As I was driving up to my friend's house at the conclusion of our last girls weekend, she turned to me with an excited face, "Do you want to go to Bukhara to go rug shopping??"
"Of course!!" I excitedly replied. Because if one girls' weekend to go shopping is good, two girls' weekends to go shopping are even better. Just like the Fergana Valley is the center of ceramic production in Uzbekistan, Bukhara is the place to buy rugs.
So this last weekend we took the train to Bukhara to go and find more lovely things to fill our houses with. We had initially planned to only spend one day, flying there in the morning and flying home in the evening. But there weren't flights, so instead we spent two days, going on Friday and returning on Saturday.
There is a fast train that takes two hours to go to Samarkand and continues another two and a half hours on to Bukhara. It's fairly new and quite comfortable, so it wasn't much trouble to take the train instead of flying. We arrived in Bukhara before noon, dropped our bags off in the hotel, got some lunch, and then set out on our quest to find beautiful carpets.
The Silk Road cities in Uzbekistan have been hit hard by the lack of tourists for the last year, and so there were fewer rug shops open than when I went to Bukhara with my parents two years ago. Which was probably okay, as we intended to visit every single rug shop that we could find in the city. Rug shopping isn't something that can be rushed, so we were happy to have two days.
Having perfected our technique during our last trip, we made sure to take pictures of all the rugs that caught our fancy, not forgetting to note the starting price of each rug on the picture. By the time we had reached our last shop, I had at least thirty pictures on the camera roll of my phone and we didn't want to see any more rugs. It turns out that there can actually be too many beautiful rugs in one city.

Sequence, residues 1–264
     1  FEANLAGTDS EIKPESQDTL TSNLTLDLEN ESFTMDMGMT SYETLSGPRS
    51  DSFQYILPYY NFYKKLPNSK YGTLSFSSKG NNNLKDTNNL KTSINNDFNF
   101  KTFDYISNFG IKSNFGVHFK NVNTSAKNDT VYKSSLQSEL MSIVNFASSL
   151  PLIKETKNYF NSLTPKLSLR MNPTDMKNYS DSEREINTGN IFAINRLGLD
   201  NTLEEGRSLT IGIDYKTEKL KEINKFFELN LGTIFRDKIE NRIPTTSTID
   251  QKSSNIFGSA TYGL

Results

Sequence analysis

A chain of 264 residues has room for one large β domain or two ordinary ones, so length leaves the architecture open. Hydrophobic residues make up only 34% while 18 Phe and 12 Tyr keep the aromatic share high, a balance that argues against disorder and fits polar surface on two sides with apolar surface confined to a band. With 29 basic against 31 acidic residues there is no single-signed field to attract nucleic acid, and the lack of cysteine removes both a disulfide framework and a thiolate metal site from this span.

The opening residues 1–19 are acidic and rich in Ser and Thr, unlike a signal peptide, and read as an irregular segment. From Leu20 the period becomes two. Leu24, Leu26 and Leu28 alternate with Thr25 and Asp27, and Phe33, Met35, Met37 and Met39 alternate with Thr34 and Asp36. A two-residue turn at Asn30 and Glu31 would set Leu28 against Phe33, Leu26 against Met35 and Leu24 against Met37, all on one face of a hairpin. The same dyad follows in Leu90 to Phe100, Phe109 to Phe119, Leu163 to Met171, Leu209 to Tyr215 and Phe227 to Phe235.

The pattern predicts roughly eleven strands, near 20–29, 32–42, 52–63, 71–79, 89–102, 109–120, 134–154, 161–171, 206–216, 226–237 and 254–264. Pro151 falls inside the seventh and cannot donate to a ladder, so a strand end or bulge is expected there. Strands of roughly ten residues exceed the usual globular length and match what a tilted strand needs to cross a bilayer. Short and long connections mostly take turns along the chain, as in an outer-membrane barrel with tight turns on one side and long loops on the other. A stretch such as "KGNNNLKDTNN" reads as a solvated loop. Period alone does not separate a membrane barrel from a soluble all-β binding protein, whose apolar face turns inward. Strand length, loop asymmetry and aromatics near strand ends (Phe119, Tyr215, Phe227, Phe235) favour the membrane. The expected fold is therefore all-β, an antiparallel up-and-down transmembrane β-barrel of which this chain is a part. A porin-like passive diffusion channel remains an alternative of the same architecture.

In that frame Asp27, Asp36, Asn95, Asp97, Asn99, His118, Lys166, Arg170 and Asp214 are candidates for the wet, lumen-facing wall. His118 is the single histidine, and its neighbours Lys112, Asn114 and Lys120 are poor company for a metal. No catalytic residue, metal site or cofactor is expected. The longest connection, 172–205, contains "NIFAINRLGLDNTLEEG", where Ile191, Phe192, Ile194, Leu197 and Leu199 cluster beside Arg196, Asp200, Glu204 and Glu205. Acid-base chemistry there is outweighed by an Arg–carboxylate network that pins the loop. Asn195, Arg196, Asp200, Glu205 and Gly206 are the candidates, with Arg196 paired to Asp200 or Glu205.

Bukhara was holding the Silk and Spices festival the weekend we were there, and all of the citizens of Bukhara were out that evening to enjoy the dancers, music, and performers that were spread throughout the old city. After dinner, we enjoyed the party before stumbling back to our rooms and reviewing pictures and texting husbands for their input.
After phone calls and consults in the morning, I had narrowed down my list to three carpets and my friend had settled on definitely one and maybe two. Following breakfast, we set out to bargain for our treasures. The sellers were happy to have customers, and so we both got good deals on the carpets. I ended up buying two somaks, which are embroidered woven carpets in addition to two knotted carpets. My friend ended up with two rugs from the same seller that I bought mine from, so he was a very happy man by the end of the morning.
Our train didn't leave until four in the afternoon, so we enjoyed a long lunch in an air conditioned restaurant (the temperature was in the low hundreds both days) before boarding our train back to Tashkent. We spent the entire ride talking, soaking up one of the last times we could spent hours talking without interruptions. After we had gotten to Tashkent, one of our fellow passengers commented in Russian to another, "Can you believe, they spent the entire time talking?!? Four and a half hours! They never ever shut up!" We got a good laugh and silently apologized to our fellow passengers.
Now I have four more beautiful rugs to add to the four that I already have, and all of them definitely spark joy. And these four new rugs will always remind me of my lovely weekend spent with friends in Bukhara.